I talked to Ali M and Ali K (‘the Ali’s’ as we call them, since they are pretty much inseparable) who both work with Community Based Organizations (CBOs) that are participating in the birth registration project. (They were both at the video training with me last month here also). They explained some of the main reasons that not having a birth certificate makes life difficult:
If children don’t have birth certificates, they cannot get passports obviously, but that is the least of the issues. They cannot attend secondary school without one, nor can they benefit from any type of social service or insurance. Kwale district has a very high incidence of child marriages, yet if there is no birth certificate there is no way to prove in court that a girl is too young to be married. Other kinds of abuse also cannot be proved as child abuse. Without proper registration, the district does not get its fair share of the national budget because it’s not clear how many people are actually there. Photo: Ali K and Ali M - real leaders and innovators in community development.
As the Ali’s explained, if Kwale District is successful in incorporating SMS’s, mobile data gathering, and mobile outreach into the birth registration process, not only will they be the first district in Kenya to do it, but Kwale will be the first to even computerize the birth registration process. A couple ways they want to use mobiles are to provide a phone number that people could SMS their registration number to and find out if their certificates are ready or not, thus avoiding a long trip into the district office for nothing. They are also thinking of shifting the actual data gathering from hand written (carbon paper with several copies) to mobile data gathering and computerized data storage. In any case, a full project is being developed and piloted that will automate much of the current time consuming processes.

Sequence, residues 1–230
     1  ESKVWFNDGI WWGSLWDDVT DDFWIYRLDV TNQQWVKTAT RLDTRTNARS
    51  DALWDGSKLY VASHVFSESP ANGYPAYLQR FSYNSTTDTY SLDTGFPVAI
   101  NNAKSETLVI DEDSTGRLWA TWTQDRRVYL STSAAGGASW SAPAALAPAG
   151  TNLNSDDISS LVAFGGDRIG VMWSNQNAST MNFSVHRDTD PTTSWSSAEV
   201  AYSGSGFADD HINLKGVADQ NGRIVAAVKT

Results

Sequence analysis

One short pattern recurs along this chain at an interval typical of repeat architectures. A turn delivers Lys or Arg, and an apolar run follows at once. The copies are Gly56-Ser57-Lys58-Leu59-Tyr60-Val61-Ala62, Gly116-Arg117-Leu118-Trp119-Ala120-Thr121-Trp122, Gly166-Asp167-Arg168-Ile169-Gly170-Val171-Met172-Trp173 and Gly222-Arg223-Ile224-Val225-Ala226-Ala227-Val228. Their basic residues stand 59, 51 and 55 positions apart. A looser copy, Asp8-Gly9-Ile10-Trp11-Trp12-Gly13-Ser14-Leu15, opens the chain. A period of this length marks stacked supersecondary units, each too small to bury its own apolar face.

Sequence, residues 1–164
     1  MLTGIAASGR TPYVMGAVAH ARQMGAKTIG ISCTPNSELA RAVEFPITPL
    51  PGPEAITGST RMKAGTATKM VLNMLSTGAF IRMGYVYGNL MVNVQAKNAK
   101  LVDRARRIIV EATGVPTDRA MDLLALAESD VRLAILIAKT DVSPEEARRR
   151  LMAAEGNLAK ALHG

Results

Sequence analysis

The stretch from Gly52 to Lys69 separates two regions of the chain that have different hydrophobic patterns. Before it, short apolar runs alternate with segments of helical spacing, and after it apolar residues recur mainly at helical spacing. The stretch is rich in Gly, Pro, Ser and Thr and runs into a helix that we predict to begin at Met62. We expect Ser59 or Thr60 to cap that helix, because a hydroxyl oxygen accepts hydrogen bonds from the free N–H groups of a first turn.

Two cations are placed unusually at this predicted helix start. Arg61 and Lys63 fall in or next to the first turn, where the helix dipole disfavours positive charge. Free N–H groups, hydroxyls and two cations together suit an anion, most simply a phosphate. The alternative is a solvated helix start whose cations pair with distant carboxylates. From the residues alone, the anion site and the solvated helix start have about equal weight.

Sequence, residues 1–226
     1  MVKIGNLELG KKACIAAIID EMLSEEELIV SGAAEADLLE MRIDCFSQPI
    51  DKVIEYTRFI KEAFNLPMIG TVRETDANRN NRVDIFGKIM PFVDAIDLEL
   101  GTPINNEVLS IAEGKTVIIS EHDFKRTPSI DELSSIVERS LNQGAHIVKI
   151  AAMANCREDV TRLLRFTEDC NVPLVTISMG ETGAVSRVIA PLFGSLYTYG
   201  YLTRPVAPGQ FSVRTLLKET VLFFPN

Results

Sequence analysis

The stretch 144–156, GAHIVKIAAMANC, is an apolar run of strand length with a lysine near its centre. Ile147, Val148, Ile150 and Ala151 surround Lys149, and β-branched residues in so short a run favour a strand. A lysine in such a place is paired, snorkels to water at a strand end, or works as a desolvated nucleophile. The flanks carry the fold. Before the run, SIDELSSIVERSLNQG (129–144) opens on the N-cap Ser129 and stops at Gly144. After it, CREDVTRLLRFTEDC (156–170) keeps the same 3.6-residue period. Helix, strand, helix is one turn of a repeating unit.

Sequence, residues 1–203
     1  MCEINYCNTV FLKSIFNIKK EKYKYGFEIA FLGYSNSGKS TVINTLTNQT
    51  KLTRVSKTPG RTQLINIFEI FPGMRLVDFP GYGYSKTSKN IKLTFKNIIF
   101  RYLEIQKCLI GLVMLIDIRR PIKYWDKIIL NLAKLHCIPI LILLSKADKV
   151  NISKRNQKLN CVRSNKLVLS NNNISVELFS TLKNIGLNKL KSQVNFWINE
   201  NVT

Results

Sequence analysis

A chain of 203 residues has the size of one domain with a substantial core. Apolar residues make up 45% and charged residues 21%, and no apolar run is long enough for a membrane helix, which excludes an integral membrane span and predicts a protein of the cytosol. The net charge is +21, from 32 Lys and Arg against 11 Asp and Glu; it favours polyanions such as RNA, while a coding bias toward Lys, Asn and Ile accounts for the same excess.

I remember when I lived in El Salvador and the municipality changed from hand written logs to computers. You used to have to go really early in the morning and wait in a huge line to get a number. Then you waited again till they called your number, went up and gave someone your information. That person would give your information to someone else who would look up the name/date, etc. and after an hour or 2, they’d call you and give you a little piece of paper with your record number on it. From there you would go wait in the cashier line to pay a fee for the copy of the certificate. Then you would go to another line at another window and give that number to someone else and sit down again for another few hours while that person would go into the archives books (bound books of hundreds of records) and find your certificate for you (birth, death, marriage, etc.). They’d make a copy and then it had to go to an official somewhere to authorize the copy before they’d give it to you. So basically you had to get there around 7 a.m. if you wanted to get it the same day, and it was a whole day affair.
Around 2000, they got a computer system in and modernized the process. I went in to get a copy of a document, and I clearly remember the security guard laughing at me because I looked at the certificate twice in shock when I paid my fee and was handed the actual certificate after about 30 minutes.
If the Ali’s and the Kwale District are able to get the equipment and set the project up, it could mean huge time savings for people and translate into greatly increased numbers of parents getting birth certificates for their children. The Ali’s have already taken the idea to a national level meeting and have other districts interested in their idea. Hopefully Kwale pulls it off and the model can be nationalized once any kinks are worked out! Photo: Mwenda and Ali, Kwale district CBO members.